Statistics published March 7 — on the eve of International Women’s Day — by the Palestinian Central Bureau of Statistics indicated that “the unemployment rate among women participating in the labor force was 44.7%, compared to 22.2% for males. The unemployment rate among women with 13 school years and above is standing at 50.6% of women in this group.”

Rajab pointed out that enlistment is an acceptable option for Gazan women, in light of their low chances of finding a job, noting that “women need job opportunities to achieve many of their goals, such as ensuring stable living conditions, being able to support their family and increasing their chances of marriage. The prevalence of marriage for women engaged in the labor market has been increasing,” he said.

In this context, Manal Hussain, 22, described the step as an opportunity to find a job that would guarantee her a monthly salary to help her to support her family. She told Al-Monitor, “My family’s poor financial situation and my sick father’s inability to work almost got us begging in the streets. The decision to allow the enlistment of women is an opportunity not to be missed to overcome my financial troubles.”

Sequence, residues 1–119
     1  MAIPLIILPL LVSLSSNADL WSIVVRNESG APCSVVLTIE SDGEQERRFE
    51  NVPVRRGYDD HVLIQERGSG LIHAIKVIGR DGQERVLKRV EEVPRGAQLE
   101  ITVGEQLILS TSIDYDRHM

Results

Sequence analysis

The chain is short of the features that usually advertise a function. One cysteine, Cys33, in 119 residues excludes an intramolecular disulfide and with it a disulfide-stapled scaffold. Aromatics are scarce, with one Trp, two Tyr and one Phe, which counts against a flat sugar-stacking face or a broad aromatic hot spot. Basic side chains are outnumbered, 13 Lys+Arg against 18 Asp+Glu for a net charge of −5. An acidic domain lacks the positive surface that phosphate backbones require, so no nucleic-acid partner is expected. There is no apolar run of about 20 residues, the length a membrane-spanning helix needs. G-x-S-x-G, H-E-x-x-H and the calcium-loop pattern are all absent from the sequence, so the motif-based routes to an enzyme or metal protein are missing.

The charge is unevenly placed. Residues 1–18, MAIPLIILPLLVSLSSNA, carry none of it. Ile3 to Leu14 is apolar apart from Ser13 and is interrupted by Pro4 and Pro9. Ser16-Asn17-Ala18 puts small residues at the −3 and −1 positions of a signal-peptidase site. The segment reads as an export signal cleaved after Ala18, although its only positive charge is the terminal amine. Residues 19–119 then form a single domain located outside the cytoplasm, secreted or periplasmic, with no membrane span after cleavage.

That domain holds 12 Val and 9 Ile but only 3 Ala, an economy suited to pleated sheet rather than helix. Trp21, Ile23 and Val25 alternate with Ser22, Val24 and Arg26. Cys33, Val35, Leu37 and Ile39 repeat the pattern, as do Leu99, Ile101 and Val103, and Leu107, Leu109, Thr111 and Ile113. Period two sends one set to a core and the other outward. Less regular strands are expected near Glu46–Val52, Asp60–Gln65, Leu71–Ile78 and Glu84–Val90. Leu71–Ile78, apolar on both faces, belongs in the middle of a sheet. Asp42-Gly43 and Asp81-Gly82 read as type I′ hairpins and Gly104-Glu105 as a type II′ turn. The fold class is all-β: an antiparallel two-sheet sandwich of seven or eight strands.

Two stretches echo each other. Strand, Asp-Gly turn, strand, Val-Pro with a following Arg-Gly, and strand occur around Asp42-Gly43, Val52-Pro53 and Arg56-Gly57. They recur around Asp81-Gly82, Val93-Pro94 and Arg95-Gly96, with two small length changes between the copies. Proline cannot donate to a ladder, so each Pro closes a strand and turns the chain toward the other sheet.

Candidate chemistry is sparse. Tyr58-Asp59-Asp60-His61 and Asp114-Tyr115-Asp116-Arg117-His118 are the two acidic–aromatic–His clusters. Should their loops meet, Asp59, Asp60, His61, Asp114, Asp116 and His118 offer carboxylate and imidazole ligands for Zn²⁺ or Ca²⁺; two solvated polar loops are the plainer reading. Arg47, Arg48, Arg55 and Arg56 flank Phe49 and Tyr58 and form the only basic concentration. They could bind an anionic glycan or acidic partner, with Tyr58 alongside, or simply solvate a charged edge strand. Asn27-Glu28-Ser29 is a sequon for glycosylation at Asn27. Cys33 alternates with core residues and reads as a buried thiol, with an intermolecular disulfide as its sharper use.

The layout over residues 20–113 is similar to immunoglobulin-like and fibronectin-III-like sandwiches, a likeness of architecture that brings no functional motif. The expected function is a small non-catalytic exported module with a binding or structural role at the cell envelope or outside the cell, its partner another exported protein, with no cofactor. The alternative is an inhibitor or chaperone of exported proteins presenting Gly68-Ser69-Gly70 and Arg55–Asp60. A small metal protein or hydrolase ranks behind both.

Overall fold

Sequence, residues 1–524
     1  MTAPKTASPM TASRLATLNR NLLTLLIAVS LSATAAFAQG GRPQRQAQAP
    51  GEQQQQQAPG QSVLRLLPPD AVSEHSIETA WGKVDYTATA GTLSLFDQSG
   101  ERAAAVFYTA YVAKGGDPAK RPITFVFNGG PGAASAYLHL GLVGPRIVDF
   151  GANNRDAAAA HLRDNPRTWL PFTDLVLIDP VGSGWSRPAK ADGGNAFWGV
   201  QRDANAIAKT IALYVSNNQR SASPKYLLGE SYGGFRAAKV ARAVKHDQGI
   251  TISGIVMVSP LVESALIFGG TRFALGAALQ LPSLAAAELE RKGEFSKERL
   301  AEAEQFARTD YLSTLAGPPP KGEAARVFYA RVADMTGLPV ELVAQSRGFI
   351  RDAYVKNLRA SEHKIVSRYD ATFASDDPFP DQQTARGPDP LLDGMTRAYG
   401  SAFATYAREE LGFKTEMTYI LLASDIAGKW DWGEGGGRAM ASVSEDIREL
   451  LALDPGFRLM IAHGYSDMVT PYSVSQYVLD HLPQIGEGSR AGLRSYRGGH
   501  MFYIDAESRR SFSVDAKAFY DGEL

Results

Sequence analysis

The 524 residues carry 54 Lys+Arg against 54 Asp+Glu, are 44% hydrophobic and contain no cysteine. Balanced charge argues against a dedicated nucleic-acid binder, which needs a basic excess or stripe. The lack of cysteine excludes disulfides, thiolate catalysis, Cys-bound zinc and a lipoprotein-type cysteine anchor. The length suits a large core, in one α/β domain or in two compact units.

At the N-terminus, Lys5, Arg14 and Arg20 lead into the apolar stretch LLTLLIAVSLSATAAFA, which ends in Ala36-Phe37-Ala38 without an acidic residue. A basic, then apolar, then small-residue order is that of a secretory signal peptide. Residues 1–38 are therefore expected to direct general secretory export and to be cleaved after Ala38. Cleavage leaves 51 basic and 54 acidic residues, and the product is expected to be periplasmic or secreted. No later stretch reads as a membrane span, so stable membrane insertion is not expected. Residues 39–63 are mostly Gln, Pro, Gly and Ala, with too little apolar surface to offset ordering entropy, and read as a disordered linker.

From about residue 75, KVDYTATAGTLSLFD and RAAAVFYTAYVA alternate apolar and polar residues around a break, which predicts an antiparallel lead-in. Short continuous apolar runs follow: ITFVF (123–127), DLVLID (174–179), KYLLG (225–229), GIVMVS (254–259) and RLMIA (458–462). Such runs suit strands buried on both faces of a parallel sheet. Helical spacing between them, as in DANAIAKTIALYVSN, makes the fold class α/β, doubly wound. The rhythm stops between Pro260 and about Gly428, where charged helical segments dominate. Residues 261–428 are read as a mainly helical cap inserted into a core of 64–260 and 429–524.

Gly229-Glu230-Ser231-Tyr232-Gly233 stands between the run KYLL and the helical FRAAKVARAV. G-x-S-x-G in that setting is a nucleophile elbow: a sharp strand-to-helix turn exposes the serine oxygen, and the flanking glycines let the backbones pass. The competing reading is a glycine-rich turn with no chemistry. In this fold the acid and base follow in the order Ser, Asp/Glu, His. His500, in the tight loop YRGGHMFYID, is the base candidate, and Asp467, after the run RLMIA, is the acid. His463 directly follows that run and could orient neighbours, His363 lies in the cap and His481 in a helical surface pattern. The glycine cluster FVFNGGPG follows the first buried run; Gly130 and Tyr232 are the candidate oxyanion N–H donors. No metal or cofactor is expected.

University student Ahlam Atti, 20, told Al-Monitor, “Being enlisted in security services would confer a prestigious social standing. I dream of becoming an officer. I may drop out of university and get enlisted. The chances of finding a job after graduation are very low.”

Hamas believes the decision to allow Gazans to enlist in the PA security services does not impede Palestinian reconciliation. Hamas spokesman Hazem Qassem told Al-Monitor, “The PA government is efficiently taking over the administration of Gaza, and we will continue to provide facilities for this end. I do not think there is anything that will hinder this process so far.”

Asked whether the enlistment in Gaza threatens the fate of the 15,000 military staff members appointed by Hamas after taking over the Gaza Strip in 2007, Qassem said this has yet to be settled. He added, “It was agreed, within the scope of the reconciliation agreement reached between Hamas and Fatah in Cairo, to hold a meeting in Gaza between the leaders of the security services in the West Bank with their counterparts in the Gaza Strip to develop a vision to deal with the security services issue in the enclave.”

Rouhi Mashtah, a member of Hamas’ political bureau who is based in Cairo, told the Palestinian local news agency Safa Oct. 12, “The military staff issue is controversial,” pointing out that the fate and future of the current staff in Gaza will be determined before Feb. 1, 2018 — as agreed upon in the reconciliation agreement.

For women in Gaza, the opportunity to enlist in the PA security services is a glimmer of hope for a new and stable life. This seems to be their chance at attaining a more efficient role and valuable contribution to their family and society after years of marginalization, poverty and scarce employment opportunities.